Feel free to post anymore things that you do to improve the overall development process for your projects.

Travels with AngularJS

January 21, 2014
Reading Time: 3 minutes

Speed of development is essential with web application development. Not to mention, if you aren’t careful your code will end up in a big mess in no time. Abstracting out highly identifiable layers in the front end development process can be not only tricky, but very cumbersome and difficult to maintain. Having recently tried developing a personal project I’ve been working on, only to stop and realize that the front end of it was becoming so complex, I could barely follow it while developing (damn you JavaScript!!). I had made my flowcharts ahead of time, reviewed them, re-reviewed them, only to hit this stopping point and realizing that there must be something better out there.

I thought I’d start by looking at a few of the MV* frameworks, such as Knockout.js, Backbone.js and AngularJS. I had used Knockout.js at the office somewhat, but found that it wasn’t what I was looking for. After developing my Ruby and Ruby on Rails skills over the last few years, I wanted something that was very fast for development all while allowing maximum control. Something that wasn’t overly verbose, and could accomplish everything I needed to develop on the front end.

Next up, I tried Backbone.js. Just a simple multi-field forms code was quite long, and I was still looking for something more concise. Hello, AngularJS.

I had once looked at AngularJS at the recommendation of a colleague, however, I didn’t initially grasp the API concepts documentation, didn’t want to waste development time on it at that moment and didn’t come back to it until I hit this project road block, as the entire back end of my project is now completed in Rails. This time however, without any distractions I dove right in. I found the exact resources on YouTube to explain the basics, followed by signing up for some video training on it. Within a week and a half, I was ready to go.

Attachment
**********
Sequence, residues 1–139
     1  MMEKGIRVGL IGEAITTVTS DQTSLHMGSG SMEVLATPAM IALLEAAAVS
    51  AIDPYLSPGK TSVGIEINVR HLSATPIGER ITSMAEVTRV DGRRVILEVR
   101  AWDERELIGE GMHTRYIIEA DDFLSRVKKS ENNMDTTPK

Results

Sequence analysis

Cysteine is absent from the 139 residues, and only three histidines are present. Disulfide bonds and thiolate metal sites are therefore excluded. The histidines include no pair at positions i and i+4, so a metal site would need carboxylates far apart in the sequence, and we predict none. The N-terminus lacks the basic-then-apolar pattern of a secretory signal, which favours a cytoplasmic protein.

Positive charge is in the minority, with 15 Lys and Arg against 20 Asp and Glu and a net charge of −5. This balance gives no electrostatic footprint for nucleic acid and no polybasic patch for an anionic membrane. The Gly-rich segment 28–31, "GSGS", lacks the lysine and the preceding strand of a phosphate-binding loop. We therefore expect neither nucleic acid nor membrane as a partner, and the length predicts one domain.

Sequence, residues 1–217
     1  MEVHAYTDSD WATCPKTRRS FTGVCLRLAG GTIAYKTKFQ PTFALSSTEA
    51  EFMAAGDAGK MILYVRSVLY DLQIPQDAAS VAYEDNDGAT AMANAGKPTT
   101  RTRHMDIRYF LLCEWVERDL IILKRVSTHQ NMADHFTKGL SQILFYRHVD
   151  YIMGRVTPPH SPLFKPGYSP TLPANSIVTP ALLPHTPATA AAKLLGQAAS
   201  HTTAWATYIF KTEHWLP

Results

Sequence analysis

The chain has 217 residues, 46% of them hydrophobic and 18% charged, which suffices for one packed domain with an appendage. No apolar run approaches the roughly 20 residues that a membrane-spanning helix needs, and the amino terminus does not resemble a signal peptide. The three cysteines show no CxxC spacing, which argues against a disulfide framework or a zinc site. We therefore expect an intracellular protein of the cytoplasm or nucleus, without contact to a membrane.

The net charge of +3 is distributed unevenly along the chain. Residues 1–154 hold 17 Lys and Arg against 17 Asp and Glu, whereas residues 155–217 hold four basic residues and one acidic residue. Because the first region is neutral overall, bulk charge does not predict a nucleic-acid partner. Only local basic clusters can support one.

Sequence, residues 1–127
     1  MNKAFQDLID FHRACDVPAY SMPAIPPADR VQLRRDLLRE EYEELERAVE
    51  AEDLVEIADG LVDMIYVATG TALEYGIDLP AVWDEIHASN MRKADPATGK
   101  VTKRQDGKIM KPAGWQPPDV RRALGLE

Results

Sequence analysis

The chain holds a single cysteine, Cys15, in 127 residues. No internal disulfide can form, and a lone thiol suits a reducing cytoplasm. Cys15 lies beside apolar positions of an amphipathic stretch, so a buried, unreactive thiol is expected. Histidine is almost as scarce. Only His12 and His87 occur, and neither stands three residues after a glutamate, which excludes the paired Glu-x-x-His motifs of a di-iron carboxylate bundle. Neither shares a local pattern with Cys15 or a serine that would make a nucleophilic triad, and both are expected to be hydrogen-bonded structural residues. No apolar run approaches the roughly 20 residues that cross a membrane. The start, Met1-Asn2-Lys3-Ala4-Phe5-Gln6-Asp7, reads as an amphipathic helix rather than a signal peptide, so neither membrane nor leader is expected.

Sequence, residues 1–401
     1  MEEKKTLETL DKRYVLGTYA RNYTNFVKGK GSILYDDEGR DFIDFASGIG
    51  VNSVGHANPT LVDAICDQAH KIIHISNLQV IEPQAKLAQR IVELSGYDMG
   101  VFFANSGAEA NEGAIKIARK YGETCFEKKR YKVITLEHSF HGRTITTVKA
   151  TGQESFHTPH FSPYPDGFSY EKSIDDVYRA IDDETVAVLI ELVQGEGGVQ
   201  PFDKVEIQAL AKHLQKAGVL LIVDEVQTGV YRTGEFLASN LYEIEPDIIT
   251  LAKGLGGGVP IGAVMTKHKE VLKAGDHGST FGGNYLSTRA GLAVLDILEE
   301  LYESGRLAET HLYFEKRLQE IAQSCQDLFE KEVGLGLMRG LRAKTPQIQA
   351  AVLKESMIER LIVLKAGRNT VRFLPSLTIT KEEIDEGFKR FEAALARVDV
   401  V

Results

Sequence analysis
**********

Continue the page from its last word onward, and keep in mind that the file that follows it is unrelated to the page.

It was a slower start initially, making sure things were setup correctly, cross-checking my code with the API documentation that I now understood, first utilizing it on a work project which could only be completed in the compressed time frame I had available with the power and speed of AngularJS. I had a fall back plan in the event something didn’t work out as intended, which gave me only 4 days of working time to figure out if I could truly utilize AngularJS in the way it was meant to be used. I tired effortlessly until I had the skeleton on the application setup and functioning, and from there everything fell into place. I did in 3 days, what would have taken close to 3 weeks if doing it by Vanilla JavaScript and jQuery. I had multi-line fully dynamic forms with AngularUI (BootStrap UI AngularJS Compatible framework) and a fully responsive BootStrap 3 layout, with the ability to dynamically swap out the theme on the fly. I had a user account authentication system setup and working. The project didn’t require the use of any custom written directives, however, I’ve done the studying necessary to know when I would need them more.

As I continue to work on my personal project with AngularJS, I find a lot more satisfaction in working on the front end. Having a wonderful layout system and theme setup from BootStrap makes the development process a lot more enjoyable as well. It’s not, first build it out, then style it out. It’s now baked right in from the start.

If you’re looking to really try out AngularJS and see how it can enhance your front end project, I highly suggest looking at this YouTube video that greatly helped me.